Johan Galtung, Carl G. Jacobsen, Kai Frithjof Brand-Jacobsen. Pluto Press, Second edition published 2002
A towering prophetic figure in developing strategies towards a global democratic peace, Gene Sharp, in his cautionary book, Social Power and Political Freedom, warns that "we must abandon repetition of our sweeping sloganized solutions...which we recite without thinking in face of our problems as if they were incantations to ward off evil spirits." The great strength of Searching for Peace is that it has many brilliant insights which challenge simplistic, but commonly shouted mantras. Its weakness however, is that its many flashes of genius are dulled by repetitions of tired mantras, such as "the right of self-determination," "globalization-free zones" and, most unfortunately, a repeat of Lenin's old chestnut of "the prison of nations."
Searching for Peace is most impressive when it deals with issues which is authors, especially Johan Galtung, have been struggling with for many years with profound empathy and command of key factual details. We learn for instance, of Galtung's brave role in fostering Norway's provisions for alternative military service. Now a model for nations around the world from its provisions to require peace work as a substitute for military duty, it was achieved through Galtung's serving a severe prison term. Likewise we learn of Galtung's remarkable work in the American south to promote racial tolerance during the battles over desegregation in the 1950s.
My favorite part of Searching for Peace deals with Galtung's recommendations for defending the rights of the Sami, a nation commonly known as Lapps. Their earth respecting reindeer herding culture straddles parts of northern Norway, Sweden, Finland and Russia. It is frequently in conflict with the nuclear industry, defence establishments and resource extraction industries.
For the Sami, a culture with deep roots in Galtung's native Norway, Searching For Peace suggests that they be compensated for the past abuse of their lands. Rather than advocating a separate state, based on dogmas such as self-determination," we are told that the "transcend" perspective urges that, "Sami parliaments should be established in all four states with a right to veto any exploitation of natural resources within their traditional territories. This should include waterfalls, mining, fishing, oil and gas resources on land, in rivers, as well as in the Barents Sea and the respective sectors of the North Atlantic." He suggests that this homeland would be demilitarized and that the Sami be exempted from military service.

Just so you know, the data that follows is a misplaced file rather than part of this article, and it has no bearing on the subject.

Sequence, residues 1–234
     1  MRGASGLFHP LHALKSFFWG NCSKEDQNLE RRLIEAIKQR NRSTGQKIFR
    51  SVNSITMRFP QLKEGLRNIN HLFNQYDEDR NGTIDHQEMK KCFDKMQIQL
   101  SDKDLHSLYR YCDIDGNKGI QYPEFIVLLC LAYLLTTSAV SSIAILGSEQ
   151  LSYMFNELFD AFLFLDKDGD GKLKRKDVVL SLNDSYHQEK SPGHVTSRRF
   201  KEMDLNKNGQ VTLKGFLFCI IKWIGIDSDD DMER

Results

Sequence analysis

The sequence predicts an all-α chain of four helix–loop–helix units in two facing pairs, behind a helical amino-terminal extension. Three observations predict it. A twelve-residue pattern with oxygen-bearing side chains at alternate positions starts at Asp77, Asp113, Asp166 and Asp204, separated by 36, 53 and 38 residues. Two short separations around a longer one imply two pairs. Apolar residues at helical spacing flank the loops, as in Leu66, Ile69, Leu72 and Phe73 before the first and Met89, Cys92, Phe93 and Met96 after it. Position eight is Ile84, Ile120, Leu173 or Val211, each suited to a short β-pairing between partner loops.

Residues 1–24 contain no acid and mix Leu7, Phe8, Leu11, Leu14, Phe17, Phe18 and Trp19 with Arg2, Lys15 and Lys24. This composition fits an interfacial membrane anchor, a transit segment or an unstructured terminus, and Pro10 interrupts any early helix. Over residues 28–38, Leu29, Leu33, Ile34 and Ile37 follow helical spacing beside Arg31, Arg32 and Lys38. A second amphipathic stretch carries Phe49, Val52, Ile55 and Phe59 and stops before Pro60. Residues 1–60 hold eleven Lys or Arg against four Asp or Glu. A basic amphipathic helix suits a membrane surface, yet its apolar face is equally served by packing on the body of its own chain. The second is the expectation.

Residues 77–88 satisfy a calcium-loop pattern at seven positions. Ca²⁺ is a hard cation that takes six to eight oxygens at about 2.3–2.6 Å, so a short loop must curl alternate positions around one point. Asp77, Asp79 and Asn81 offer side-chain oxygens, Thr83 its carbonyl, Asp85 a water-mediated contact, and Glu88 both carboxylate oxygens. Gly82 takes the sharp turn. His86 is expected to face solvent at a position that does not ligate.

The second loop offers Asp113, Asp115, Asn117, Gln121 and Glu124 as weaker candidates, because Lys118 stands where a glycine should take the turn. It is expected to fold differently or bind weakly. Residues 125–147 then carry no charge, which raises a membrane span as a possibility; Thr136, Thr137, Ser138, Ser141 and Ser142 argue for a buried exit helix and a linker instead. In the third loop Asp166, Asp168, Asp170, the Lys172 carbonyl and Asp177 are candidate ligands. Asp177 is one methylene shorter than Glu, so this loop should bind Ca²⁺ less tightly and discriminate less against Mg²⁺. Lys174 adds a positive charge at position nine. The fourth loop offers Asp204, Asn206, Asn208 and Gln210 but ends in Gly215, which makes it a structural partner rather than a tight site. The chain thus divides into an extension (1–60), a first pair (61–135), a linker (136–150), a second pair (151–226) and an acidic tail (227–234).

Rich in productive detail in suggesting how to protect the Sami without unleashing the Pandora's box of separatism, Galtung vision falters however, when it is applied to more distant lands, in which he has lived as a short time observer. This causes him to recommend dangerous remedies based on separatism, the concept of self-determination and also explosive suggestions for the merging of existing states. Sometimes these recommendations are put forward in inconsistent ways. For instance, in a 1997 proposal regarding Ulster, the "Transcend" perspective makes the imaginative proposal for an Anglo-Irish condominium for this region. This is an interesting and thoughtful idea, since it could be used to strengthen the rights of Ulster's Catholics, which are often trampled on by the region's Protestant majority. At the same time however, Galtung stresses "the right of Ulsterites to self-rule." This concept could very well justify the most extreme violations of the rights of the Catholic minority.
To their credit, Galtung, Jacobson, and Brand-Jacobson incorporate every practical route towards peace in their provocative book. It is full of references, for instance, of the need for the rule of law and respect for civil liberties. They even make the bold suggestion that a durable peace in Cuba would be helped by the introduction of a multiparty system.
Searching for Peace paints a colorful tapestry of the promises and challenges to peace. It shows for instance, the similarity between the September 11th attacks by what he terms "Islamo-fascism" and the similar anti-democratic assault by the Chilean airforce on the Presidential Palace of Salvador Allende. He notes that the number of victims, approximately 4,000 were the same, and that both assailants were hostile to the democratic systems of government in Chile and the United States.
In reading Searching for Peace one cannot but stand in awe of the assembled achievements of the authors. At the same time however, they need to apply more discipline and coherence to their writing and so illuminate the minute details of building civil society, democracy, non-violently opposing dictatorships, and protecting the rule of law.